Even as he tried to promote Donald Trump's bad lip service on anti-Semitism, White House Press Secretary Sean Spicer could not help but slip in some anti-LGBTQ bigotry at his daily briefing, erasing crimes based on gender identity or sexual orientation from Trump's late and generic denunciations, and telling another reporter that transgender civil rights should be left to the states.

Donald Trump finally got around to denouncing the latest wave of anti-Semitism which has swept the country, but even as the White House attempted to bolster that meager lip service, it managed to demonstrate another form of bigotry.

Responding to questions about Trump’s delayed reaction (following multiple opportunities at national press conferences), White House Press Secretary Sean Spicer twice failed to include gender identity or sexual orientation as traits that should not be targets of hate:

Very forcefully against those who are seeking to do hate, or to tear people down because of their religion, or their gender, or the color of their skin. Those are all things I think the president is done.

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People who seek to attack people because of their hate, excuse me, because of their religion, because of their gender, or because of the color of their skin. And that’s something he is going to continue to fight.

It is important to note that Spicer included “gender,” but not “gender identity,” which regularly excludes protections for individuals who are transgender and who are often the victims of violent hate crimes based on their trans identity.

In addition to those key omissions, Spicer also blew loudly on a familiar dog whistle, in response to The Washington Blade reporter Chris Johnson’s question about the Obama administration’s guidance on the use of bathrooms and locker rooms by transgender students:

JOHNSON: Sean, the National Center for Transgender Equality, citing reliable sources, says the Trump administration, today, will rescind Obama-era guidance requiring schools to allow transgender kids to use the restroom consistent with their gender identity. Will the Trump administration rescind that guidance?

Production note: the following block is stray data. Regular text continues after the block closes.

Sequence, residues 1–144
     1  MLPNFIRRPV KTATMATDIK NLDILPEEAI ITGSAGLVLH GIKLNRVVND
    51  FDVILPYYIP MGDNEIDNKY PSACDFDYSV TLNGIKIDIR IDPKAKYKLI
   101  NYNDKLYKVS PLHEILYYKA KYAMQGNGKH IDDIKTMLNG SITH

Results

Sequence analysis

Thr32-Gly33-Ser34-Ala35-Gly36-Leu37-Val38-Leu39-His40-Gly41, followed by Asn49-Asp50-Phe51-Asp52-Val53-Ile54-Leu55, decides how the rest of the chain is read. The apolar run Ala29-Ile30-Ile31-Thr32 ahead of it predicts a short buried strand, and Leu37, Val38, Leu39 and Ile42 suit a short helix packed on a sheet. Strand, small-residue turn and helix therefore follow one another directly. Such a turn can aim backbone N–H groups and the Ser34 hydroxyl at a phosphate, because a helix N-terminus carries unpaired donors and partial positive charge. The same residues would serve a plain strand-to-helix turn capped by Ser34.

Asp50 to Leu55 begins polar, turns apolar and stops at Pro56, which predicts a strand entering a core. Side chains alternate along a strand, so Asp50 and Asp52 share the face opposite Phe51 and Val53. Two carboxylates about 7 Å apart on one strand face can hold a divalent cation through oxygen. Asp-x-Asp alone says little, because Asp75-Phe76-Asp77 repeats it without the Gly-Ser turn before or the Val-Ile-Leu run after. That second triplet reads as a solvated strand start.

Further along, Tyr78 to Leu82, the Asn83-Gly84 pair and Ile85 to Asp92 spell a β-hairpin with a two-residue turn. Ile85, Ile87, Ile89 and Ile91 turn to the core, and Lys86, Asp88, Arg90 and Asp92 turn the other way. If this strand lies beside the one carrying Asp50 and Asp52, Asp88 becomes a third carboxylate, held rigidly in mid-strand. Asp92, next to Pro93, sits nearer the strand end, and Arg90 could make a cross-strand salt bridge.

SPICER: Right now, that’s an issue that the Department of Justice and the Department of Education are addressing. I will tell you that I think that there will be further guidance coming from DOJ in particular, with respect to not just the executive order, but also the case that’s in front of the Supreme Court. The president has maintained for a long time that this is a states’ rights issue, and not one for the federal government. So while there will be further guidance coming out on this, I think that all you have to do is look at what the president’s view has been for a long time, that this is not something the federal government should be involved in, this is a states’ rights issue.

Spicer is wrong, of course: The Obama-era guidance was in regard to an existing federal law, Title IX. But more broadly, the argument that civil rights should be left to the states is a longtime appeal to white supremacy. In erasing gender identity and sexual orientation as immutable traits, and leaving civil rights for transgender people up to the states, Spicer makes clear whose side this White House is on.

The performance was not lost on prominent civil rights leaders and organizations:

By almost three million votes, the American people voted for an inclusive society, which is why performances of exclusion like Spicer’s will continue to spark fierce resistance.